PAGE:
Effective January 1, 2020, the new privacy law in California, the California Consumer Privacy Act (CCPA), will impact companies nationwide. The CCPA will apply to any for-profit business that collects the personal information of California residents (including individuals, households and devices) and meets at least one of the three following criteria:
Until recently, companies have struggled with compliance preparation for the CCPA, as the law has been a moving target. Companies now have some guidance on what the law will require, with the governor signing, on October 11, amendments providing, among other things, clarification that employees are excluded under the definition of "consumer" for the first year, and the California Attorney General publishing, on October 10, draft regulations interpreting the law.
The draft regulations, which are expected to be further revised to account for the recently adopted amendments to the CCPA, provide a detailed framework of obligations of companies subject to the CCPA, most notably in the below areas:
• The draft regulations clarify the content requirements and format of notices to consumers regarding a business's collection and use of personal information.
• At the time of collection, businesses must provide a notice informing consumers of the categories of personal information to be collected and, for each, the purpose(s) for which the personal information will be used.
• Privacy policies must include specific details set forth in the draft regulations, including the consumers' various rights under the CCPA, details of the business’s collection of personal information, the purpose for such collection, and the categories of third parties with whom the business may share, sell or disclose such information.
• Notices and privacy policies must be written and presented in an easy-to-read, understandable and ADA-accessible format.
• The draft regulations provide extensive standardized procedures for handling consumer requests, including requirements on methods of submitting requests, confirmation of receipt of requests, response formats and time frames, and minimum response content, depending on the nature of the request.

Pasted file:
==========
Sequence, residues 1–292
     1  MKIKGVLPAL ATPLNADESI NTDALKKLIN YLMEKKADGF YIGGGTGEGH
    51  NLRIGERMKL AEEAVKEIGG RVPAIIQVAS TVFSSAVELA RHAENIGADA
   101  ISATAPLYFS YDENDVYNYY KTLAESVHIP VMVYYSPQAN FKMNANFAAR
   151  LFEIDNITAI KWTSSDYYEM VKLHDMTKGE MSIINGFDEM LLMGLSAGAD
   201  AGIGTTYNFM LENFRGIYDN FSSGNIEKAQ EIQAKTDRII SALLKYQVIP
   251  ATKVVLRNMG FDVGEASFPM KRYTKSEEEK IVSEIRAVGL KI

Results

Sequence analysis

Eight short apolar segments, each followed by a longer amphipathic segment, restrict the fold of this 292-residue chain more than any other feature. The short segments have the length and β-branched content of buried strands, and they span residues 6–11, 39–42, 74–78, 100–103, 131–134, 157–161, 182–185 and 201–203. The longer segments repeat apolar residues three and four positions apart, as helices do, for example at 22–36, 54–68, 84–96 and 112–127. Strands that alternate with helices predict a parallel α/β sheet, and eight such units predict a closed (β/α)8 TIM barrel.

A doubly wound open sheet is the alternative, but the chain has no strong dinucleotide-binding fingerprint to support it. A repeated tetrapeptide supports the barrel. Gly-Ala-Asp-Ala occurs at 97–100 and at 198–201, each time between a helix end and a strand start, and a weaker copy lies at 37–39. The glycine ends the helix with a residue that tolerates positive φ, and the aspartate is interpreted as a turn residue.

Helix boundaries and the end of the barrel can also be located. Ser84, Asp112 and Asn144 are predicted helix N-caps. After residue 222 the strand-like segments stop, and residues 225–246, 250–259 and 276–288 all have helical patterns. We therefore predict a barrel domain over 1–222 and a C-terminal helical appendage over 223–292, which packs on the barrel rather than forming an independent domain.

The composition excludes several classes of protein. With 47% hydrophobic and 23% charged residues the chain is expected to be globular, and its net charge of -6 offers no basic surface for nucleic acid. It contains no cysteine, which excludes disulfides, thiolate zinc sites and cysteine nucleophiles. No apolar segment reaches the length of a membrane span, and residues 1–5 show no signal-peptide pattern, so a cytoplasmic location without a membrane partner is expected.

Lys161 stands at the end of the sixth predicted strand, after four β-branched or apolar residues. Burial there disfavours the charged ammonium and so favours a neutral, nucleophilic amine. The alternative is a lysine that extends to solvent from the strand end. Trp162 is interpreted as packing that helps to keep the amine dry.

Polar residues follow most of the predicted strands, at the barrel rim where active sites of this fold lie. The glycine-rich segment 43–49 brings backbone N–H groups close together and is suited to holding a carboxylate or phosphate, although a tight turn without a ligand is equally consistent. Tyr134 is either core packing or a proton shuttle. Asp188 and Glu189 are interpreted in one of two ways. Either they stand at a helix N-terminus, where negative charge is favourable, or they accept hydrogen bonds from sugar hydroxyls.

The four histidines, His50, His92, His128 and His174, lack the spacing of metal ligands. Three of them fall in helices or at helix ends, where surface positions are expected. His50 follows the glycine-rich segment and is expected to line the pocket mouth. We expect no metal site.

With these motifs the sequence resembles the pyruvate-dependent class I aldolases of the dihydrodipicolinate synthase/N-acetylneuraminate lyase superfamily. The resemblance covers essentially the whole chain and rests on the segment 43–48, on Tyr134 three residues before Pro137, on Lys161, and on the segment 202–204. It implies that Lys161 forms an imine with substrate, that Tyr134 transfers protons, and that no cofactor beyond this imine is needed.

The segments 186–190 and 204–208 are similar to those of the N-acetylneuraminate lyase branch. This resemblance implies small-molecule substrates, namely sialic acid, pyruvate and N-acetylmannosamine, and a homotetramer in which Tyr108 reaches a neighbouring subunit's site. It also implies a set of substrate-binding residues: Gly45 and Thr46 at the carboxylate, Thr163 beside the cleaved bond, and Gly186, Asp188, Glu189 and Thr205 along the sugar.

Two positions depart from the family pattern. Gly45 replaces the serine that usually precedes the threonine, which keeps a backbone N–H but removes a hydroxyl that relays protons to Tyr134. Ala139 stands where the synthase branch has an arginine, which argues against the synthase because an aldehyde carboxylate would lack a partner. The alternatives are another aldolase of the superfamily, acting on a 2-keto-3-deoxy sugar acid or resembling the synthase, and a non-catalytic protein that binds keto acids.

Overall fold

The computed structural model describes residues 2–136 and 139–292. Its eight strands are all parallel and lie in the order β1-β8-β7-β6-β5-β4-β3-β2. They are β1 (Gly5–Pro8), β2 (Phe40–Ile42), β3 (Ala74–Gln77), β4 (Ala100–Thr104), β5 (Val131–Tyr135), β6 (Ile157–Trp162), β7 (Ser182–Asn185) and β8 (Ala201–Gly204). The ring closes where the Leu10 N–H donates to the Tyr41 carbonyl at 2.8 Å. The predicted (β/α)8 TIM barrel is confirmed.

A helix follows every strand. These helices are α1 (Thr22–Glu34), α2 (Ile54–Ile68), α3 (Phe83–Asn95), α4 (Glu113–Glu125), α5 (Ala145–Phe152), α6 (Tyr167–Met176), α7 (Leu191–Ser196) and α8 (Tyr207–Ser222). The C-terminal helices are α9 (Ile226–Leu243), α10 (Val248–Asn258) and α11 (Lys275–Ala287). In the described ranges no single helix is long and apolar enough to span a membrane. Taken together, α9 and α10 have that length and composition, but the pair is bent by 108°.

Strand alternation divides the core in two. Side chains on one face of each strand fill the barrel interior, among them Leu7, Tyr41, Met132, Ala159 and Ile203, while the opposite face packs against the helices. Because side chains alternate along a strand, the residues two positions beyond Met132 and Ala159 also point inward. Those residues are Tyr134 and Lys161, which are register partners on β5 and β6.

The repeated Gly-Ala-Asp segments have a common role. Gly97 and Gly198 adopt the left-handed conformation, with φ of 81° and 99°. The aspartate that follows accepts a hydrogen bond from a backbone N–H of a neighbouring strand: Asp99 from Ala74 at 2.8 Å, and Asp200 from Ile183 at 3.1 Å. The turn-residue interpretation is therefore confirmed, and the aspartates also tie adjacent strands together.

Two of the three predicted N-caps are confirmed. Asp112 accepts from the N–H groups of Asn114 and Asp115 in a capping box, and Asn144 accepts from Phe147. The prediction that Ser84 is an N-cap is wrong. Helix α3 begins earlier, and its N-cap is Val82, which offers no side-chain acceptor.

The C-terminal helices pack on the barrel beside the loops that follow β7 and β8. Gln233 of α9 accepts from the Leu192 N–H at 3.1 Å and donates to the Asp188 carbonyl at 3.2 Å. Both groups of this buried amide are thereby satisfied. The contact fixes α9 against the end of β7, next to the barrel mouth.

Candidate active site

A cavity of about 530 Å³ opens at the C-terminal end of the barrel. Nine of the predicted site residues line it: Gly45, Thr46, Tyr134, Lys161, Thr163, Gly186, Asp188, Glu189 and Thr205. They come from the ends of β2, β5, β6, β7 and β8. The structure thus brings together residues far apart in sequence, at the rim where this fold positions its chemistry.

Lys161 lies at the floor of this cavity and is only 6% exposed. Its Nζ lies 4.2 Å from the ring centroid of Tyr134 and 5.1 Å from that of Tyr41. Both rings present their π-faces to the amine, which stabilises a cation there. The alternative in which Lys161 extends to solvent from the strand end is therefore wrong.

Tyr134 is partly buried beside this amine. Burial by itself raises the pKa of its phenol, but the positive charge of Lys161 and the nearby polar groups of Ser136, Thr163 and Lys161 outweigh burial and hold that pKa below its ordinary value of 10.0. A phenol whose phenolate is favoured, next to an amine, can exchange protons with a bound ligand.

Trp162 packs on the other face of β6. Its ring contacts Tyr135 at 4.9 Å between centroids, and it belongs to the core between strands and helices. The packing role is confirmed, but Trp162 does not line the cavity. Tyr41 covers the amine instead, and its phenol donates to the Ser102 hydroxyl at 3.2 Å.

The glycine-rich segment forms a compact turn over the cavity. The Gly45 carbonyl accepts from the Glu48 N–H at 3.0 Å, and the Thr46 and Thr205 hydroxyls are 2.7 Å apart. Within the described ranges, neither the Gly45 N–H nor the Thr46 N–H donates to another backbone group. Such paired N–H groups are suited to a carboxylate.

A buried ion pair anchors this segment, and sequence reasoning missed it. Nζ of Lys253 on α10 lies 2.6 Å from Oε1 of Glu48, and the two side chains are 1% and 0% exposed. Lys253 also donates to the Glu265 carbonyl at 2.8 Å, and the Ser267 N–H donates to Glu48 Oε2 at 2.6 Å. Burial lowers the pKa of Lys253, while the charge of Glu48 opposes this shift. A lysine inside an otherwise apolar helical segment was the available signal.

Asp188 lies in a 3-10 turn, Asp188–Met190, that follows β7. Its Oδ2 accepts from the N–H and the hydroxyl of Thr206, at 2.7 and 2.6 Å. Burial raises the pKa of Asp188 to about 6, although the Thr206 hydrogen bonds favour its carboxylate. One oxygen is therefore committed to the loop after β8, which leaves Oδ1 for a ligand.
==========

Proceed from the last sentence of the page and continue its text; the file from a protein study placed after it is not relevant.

• Businesses must implement procedures for verifying the identity of consumers making requests.
• For businesses with consumer accounts, the existing authentication procedures are generally acceptable.
• For businesses that must verify requests from those who do not hold accounts, the regulations provide a framework for verification.
• For minors under the age of 13, businesses must obtain parental consent for opting in to the sale of personal information. The draft regulation establishes rules and methods for obtaining parental consent for minors under the age of 13, consistent with the Children's Online Privacy Protection Act.
• For minors ages 13 to 16, businesses must provide a process for such minors to opt in to the sale of their personal information.
These draft regulations are open for public comment until December 6. Final rules are expected no later than July 2020. While the CCPA remains an evolving law, the draft regulations provide some preliminary guidance for companies to at least begin implementing policies and procedures for compliance preparation. Day Pitney will continue to monitor and track the CCPA to help clients understand and comply with the regulations as they take final form.
As we await final regulations, we continue to encourage for-profit businesses that collect, buy, rent, receive, obtain, or otherwise gather or access any personal information of California residents, whether actively or passively, including by just observing individuals' behavior, to consider whether the CCPA will apply. We recommend that our clients contact us long before the January 1, 2020, implementation date to make sure they are prepared to meet their legal obligations.
 The exemption for employees will automatically sunset on January 1, 2021, by which date it is expected that the California Legislature will introduce a separate bill specifically addressing companies' obligations with respect to the personal information of California-resident employees.
On October 18, Steven Cash will be speaking on a panel, "Becoming A Risk-Oriented Advisor," at the 2019 Family Wealth Alliance Fall Forum in Chicago, IL.
On October 7, Steven Cash spoke at "Cybersecurity: Tension Between Innovation and Security," an event presented by the Connecticut Power and Energy Society (CPES) and held at Yale University in New Haven, CT.
Steven Cash moderated a panel discussion hosted by Culper Connect, an alumni association of former United States Government public servants from the U.S. Intelligence Community.
Bill Goddard will moderate a panel, entitled "Liability & Regulatory Issues in Cybersecurity," at the National Organization of Life and Health Insurance Guaranty Associations (NOLHGA) 27th Annual Legal Seminar in Boston, MA.
David Doot, Steven Cash and James Blackburn, IV authored an article, "Risk and Opportunity with the Industrial Internet of Things," which was published in the July-August 2019 issue of The Journal of Robotics, Artificial Intelligence & Law.
Day Pitney Press Release
Steven Cash was quoted in an article, “Mystery in Mueller Probe: Where’s the Hacking Indictment?,” published by The Hill.
Day Pitney and the National Governors Association (NGA) hosted an invitation-only forum, held at the Downtown Harvard Club of Boston, that brought together lawyers, policymakers, cybersecurity experts and other participants to identify and discuss legal issues related to the growing Industrial Internet of Things (IIoT).
Steven Cash was quoted in an article, "What We Know About The Upcoming Net Neutrality Vote," published in Law360.